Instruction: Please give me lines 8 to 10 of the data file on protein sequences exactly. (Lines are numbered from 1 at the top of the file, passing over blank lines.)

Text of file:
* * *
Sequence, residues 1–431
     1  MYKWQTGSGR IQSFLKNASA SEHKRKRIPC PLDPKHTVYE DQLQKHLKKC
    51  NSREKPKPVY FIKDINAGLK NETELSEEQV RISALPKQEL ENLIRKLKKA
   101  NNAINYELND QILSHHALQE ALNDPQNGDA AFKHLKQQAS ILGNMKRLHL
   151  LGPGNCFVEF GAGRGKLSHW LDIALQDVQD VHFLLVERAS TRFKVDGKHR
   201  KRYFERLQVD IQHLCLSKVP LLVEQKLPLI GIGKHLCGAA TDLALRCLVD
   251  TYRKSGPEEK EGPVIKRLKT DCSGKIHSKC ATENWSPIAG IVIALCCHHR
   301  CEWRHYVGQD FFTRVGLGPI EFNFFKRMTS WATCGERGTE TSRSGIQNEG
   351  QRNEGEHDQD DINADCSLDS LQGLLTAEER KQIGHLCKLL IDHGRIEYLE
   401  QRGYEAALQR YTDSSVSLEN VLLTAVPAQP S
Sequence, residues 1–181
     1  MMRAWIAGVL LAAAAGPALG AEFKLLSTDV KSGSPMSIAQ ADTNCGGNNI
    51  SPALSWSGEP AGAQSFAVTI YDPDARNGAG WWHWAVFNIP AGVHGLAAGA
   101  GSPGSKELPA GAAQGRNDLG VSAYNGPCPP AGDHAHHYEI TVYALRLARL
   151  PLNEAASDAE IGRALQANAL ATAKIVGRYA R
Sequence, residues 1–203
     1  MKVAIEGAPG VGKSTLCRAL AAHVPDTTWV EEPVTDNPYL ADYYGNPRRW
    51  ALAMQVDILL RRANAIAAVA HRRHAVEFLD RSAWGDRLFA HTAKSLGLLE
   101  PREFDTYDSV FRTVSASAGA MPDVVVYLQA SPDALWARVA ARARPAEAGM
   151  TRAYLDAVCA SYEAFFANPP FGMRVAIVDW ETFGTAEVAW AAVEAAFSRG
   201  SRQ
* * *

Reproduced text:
   301  CEWRHYVGQD FFTRVGLGPI EFNFFKRMTS WATCGERGTE TSRSGIQNEG
   351  QRNEGEHDQD DINADCSLDS LQGLLTAEER KQIGHLCKLL IDHGRIEYLE
   401  QRGYEAALQR YTDSSVSLEN VLLTAVPAQP S